SoftBank Group Corp plans to raise as much as $41 billion to buy back shares and reduce debt in an unprecedented move to restore investor confidence as a financial market rout pummels its shares and its portfolio companies.
The Japanese tech conglomerate's plans come as it contends with a growing financial squeeze on the company and its $100 billion Vision Fund, which has recorded two consecutive quarters of losses after its tech bets fell short, compounded by the coronavirus pandemic's impact on the global economy.
Its shares jumped 19% for their biggest daily gain in nearly 12 years after the pledge to sell or monetise up to 4.5 trillion yen ($41 billion) of assets to buy back 2 trillion yen of its shares in addition to a buyback of up to 500 billion yen announced earlier this month.
The buyback tops the $20 billion of purchases sought by activist investor Elliott Management, which has put pressure on SoftBank to improve shareholder returns and will retire 45% of the group's shares.
The asset sale will be executed over the next four quarters.
"This will allow us to strengthen our balance sheet while significantly reducing debt," Chief Executive Masayoshi Son said in a company statement without specifying what will be sold.
SoftBank's share price has been hammered by investor scepticism over the outlook for Son's bets on start-ups such as WeWork and Uber.
Its plans to fund the initial 500 billion yen buyback with debt was received negatively by analysts and investors who were concerned by Son's willingness to leverage the company.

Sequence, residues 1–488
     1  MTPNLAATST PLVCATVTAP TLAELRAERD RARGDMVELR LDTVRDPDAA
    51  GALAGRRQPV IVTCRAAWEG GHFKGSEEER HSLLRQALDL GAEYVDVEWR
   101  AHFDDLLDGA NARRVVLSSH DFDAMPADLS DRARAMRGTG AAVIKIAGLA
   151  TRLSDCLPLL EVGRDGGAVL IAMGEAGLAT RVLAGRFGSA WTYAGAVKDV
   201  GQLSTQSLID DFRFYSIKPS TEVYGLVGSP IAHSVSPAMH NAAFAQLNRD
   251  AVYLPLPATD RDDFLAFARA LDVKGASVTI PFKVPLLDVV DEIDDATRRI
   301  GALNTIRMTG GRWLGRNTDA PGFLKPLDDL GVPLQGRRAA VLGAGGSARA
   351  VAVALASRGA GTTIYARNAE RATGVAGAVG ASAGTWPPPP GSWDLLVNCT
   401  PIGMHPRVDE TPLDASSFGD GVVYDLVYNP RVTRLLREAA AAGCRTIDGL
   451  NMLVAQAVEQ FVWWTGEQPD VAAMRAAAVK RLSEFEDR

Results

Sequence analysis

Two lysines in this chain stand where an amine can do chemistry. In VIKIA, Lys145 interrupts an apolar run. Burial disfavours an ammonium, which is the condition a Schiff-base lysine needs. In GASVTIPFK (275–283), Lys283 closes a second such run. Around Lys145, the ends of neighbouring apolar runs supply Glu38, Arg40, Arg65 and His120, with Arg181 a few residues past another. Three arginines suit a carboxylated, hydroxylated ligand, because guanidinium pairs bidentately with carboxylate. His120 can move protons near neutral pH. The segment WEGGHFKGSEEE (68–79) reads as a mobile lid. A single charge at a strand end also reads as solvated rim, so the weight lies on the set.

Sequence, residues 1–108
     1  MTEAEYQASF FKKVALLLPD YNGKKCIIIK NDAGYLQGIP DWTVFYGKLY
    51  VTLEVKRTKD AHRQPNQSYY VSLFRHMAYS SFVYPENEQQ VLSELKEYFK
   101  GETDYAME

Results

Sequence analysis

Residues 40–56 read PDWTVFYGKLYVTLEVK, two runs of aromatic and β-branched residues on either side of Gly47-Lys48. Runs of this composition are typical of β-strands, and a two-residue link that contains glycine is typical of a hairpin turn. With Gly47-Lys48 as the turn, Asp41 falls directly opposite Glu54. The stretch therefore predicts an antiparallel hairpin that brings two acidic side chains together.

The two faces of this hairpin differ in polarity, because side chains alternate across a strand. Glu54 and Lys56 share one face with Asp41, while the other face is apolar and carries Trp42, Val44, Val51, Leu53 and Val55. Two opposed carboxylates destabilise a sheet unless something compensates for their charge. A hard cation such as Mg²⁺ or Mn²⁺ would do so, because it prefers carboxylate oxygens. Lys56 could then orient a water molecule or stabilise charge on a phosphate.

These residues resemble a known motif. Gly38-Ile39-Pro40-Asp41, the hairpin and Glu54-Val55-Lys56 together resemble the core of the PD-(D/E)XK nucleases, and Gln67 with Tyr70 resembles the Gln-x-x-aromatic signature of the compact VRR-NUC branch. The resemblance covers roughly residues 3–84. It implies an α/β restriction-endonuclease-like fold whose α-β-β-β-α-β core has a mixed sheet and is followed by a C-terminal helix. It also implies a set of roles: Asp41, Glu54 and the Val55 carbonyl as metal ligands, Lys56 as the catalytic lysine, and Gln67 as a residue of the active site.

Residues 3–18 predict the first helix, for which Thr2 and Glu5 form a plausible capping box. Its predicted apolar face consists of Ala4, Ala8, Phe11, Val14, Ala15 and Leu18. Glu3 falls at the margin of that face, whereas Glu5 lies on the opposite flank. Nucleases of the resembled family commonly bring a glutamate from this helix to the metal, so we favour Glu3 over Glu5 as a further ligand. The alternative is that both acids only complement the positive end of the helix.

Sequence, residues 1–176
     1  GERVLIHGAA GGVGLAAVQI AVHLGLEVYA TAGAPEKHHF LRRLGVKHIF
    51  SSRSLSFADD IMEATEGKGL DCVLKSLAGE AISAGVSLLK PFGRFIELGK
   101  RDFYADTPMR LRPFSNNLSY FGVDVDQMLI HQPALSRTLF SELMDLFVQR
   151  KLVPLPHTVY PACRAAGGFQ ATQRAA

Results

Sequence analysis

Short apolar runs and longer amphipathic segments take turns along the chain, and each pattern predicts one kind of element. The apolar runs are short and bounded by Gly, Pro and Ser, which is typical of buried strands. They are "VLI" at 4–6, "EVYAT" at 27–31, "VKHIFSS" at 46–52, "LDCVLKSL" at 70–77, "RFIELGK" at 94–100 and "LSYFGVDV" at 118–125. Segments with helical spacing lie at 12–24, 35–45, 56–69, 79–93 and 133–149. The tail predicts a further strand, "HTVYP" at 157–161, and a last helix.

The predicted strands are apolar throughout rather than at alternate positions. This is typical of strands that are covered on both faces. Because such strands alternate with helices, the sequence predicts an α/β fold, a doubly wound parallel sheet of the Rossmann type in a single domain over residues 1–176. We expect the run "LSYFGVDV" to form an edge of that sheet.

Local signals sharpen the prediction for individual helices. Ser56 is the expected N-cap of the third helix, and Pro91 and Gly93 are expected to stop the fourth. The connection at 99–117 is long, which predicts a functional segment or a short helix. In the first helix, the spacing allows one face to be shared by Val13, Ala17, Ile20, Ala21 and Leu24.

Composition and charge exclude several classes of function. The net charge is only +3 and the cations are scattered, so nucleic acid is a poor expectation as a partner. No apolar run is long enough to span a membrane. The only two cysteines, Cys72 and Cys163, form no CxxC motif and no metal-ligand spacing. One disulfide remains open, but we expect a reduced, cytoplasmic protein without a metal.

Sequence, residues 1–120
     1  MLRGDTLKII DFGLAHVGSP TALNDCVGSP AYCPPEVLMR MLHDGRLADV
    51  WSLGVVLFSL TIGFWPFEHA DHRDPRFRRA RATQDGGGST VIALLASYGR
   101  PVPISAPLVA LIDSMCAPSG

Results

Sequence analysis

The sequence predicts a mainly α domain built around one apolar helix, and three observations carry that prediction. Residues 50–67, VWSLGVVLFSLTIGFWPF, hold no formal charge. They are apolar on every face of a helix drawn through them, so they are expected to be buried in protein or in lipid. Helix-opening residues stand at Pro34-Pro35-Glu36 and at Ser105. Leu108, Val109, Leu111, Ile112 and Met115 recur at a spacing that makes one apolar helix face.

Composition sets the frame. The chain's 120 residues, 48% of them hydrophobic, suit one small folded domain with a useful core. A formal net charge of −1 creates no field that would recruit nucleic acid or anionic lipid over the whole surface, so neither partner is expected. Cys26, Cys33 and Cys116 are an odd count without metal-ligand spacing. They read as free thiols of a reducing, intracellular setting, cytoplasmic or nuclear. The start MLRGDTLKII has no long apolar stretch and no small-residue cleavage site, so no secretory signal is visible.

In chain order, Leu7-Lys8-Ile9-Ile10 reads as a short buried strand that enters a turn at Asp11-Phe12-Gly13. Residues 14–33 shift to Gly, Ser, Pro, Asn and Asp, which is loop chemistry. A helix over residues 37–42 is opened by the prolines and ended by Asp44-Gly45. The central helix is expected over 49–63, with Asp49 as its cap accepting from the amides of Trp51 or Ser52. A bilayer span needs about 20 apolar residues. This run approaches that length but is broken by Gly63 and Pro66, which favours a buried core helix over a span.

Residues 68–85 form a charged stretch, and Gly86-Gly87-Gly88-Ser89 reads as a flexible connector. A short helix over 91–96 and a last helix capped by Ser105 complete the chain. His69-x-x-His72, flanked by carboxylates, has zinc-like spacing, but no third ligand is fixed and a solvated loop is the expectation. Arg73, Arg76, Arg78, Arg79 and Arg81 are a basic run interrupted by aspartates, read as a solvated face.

Beyond the share buyback, proceeds will be used for repaying debt, buying back bonds and boosting cash reserves, reflecting Son's "firm and unwavering confidence" in the business, the company said in the statement.
Given the current market fragility, SoftBank may look to monetise its stakes in the merged Sprint and T-Mobile US or Chinese e-commerce giant Alibaba said Redex Holdings analyst Kirk Boodry.
Son previously offloaded part of the stake in Alibaba, of which SoftBank owns 25%, in a complicated transaction ahead of the 2016 purchase of chip designer Arm.
Monday's announcement comes after SoftBank's conglomerate discount - the difference between its market capitalisation and the value of its assets - yawned to a record 73% last week.
"That's a wake-up call that investors are really worried," Boodry said, overriding Son's previous reticence to slim the portfolio.
High on the list of pressing problems is a fight brewing over a major soured bet on co-working start-up WeWork, with SoftBank considering pulling out of a $3 billion bid to buy additional shares.
SoftBank's financing options are becoming increasingly constrained, however, as domestic banks hit internal limits for lending to the highly leveraged group.
Last month it pledged almost a third of its stake in domestic telecoms company SoftBank Corp to raise up to $4.5 billion from 16 financial institutions.
The telecoms business is viewed by analysts as another candidate for asset sales.
The cost of insuring SoftBank against default, which spiked to at least five-year highs last week, fell on the news.
The group's shares closed almost 19% up on Monday but remain down 33% this year.